Updated: Feb. 11 at 9:56 a.m.
This post was written by Hatchet reporters Robin Eberhardt and Yueding Wang.
The Metropolitan Washington Council of Governments agreed to set up a task force that will include a group of D.C. area universities in discussions on how to increase economic growth in the region.
The regional government group discussed ways to improve economic development in the D.C. metropolitan area at the council’s Board of Directors meeting Wednesday afternoon. University President Steven Knapp and John Cavanaugh, the president and CEO of the Consortium of Universities in the Washington Metropolitan Area, spoke at the meeting about how D.C. area universities contribute to the area’s economy.
Knapp, who was named chair of the consortium’s Board of Trustees over the summer, asked the metropolitan government to more effectively utilize university resources to improve economic development in the region.
Here are the main points of the the discussion:
1. Universities are key to the D.C. economy
Knapp said universities in the consortium contribute $15 billion to the area’s economy. He said students coming from outside the region and from other counties are forms of export because they pay for tuition and living expenses in the area and increase tourism revenue in D.C.
“Two-thirds of students who attend consortium universities are not from the D.C. region prior to enrollment, which itself is an important economic growth because they spend money as soon as they arrive there,” Knapp said.
Knapp said GW also contributes to the region’s economy by participating in the D.C. I-Corps program, which to trains scientists on how to better make their inventions into successful products for real customers.
“We’re turning that around and getting the scientists speaking in advance to potential customers,” he said.
Roger Berliner, the chair of the regional council, asked for the consortium to pay more attention to community colleges with large student populations, instead of focusing on private D.C. institutions.
“From our perspective, I have to say when we look at the economic development, and work opportunities in particular, it is the community colleges that we’re asking to step up to do this very important work,” Berliner said.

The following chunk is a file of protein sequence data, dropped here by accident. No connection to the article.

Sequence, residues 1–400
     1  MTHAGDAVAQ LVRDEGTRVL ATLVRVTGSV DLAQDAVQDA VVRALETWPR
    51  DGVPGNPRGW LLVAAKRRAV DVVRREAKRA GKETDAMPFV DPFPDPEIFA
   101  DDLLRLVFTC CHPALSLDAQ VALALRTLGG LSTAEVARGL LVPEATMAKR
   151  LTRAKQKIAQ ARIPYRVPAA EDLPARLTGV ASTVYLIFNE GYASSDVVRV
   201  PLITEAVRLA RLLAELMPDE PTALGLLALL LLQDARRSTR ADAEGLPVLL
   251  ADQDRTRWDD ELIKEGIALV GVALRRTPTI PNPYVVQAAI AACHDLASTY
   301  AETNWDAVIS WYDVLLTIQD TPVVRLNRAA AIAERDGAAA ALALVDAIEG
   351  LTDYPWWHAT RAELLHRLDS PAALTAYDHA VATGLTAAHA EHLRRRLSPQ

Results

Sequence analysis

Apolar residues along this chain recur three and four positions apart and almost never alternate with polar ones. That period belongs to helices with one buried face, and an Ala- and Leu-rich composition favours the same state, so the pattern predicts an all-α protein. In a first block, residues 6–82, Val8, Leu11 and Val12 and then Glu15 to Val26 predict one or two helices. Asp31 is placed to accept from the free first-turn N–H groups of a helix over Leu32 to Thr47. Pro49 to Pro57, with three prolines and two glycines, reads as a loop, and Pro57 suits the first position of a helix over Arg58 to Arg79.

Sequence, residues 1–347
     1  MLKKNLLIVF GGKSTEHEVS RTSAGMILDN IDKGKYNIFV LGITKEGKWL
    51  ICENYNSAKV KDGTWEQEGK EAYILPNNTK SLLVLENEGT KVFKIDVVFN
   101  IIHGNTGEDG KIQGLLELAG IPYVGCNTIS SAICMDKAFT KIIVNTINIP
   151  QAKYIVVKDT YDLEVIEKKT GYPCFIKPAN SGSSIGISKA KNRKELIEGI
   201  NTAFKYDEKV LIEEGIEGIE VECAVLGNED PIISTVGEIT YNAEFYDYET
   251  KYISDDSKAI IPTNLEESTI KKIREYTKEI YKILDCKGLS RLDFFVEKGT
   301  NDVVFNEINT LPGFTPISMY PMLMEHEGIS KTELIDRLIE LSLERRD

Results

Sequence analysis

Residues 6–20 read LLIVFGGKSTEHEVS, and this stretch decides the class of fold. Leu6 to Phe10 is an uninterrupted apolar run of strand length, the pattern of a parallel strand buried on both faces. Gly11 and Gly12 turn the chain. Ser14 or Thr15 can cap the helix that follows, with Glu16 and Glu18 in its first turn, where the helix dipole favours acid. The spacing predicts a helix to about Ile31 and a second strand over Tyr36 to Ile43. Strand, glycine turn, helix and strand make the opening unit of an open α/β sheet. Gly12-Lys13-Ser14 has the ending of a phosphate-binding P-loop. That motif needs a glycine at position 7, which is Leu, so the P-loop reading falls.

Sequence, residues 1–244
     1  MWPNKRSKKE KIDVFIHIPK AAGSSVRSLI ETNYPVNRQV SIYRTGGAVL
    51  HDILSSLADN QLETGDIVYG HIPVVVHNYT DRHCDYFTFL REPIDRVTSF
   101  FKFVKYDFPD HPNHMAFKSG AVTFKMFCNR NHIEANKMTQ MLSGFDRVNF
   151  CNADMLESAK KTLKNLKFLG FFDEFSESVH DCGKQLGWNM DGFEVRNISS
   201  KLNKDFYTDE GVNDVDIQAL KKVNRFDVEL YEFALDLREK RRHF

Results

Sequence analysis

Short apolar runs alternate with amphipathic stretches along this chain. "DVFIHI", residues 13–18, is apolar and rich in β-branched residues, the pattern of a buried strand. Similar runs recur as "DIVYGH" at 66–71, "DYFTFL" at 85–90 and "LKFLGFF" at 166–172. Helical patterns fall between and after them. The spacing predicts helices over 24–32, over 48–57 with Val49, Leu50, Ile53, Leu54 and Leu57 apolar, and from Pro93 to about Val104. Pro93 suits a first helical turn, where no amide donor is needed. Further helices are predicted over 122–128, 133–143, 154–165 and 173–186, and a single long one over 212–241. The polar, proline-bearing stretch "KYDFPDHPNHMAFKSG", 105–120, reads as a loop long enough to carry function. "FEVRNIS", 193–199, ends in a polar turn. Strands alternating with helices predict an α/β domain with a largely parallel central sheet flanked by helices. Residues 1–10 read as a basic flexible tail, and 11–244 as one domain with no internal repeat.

2. Lifting enrollment caps
Knapp said the maximum enrollment and employment caps in D.C. limits the productivity universities could have in creating and marketing inventions. He mentioned the opening of the Science and Engineering Hall more than a year ago, and said that if the caps were lifted, more employees and students could capitalize on GW’s resources and add to D.C.’s economy.
“If we can get those caps lifted, we can bring more graduate students in here who would help produce more inventions,” Knapp said. “I can tell you that would be an economic engine for this city and for the wider region because some of those companies would be founded right here in this region.”
3. Helping the economy through exports
Berliner, the regional council chair, announced that the consortium partnered with the Council of Governments and the Greater Washington Board of Trade to look at ways the groups can bring in more exports to help the economy. The group became the 29th member of the Global Cities Initiative, which discusses ways to improve the regional economy.
“It is the very first time that all three of our associations have worked together to really sit down and say “let’s see what we can do to grown regional economy with the focus on export,” Knapp said.
This post was updated to reflect the following correction:
The Hatchet misspelled the name of the organization that held the meeting. It is the Metropolitan Washington Council of Governments, not Government. We regret this error.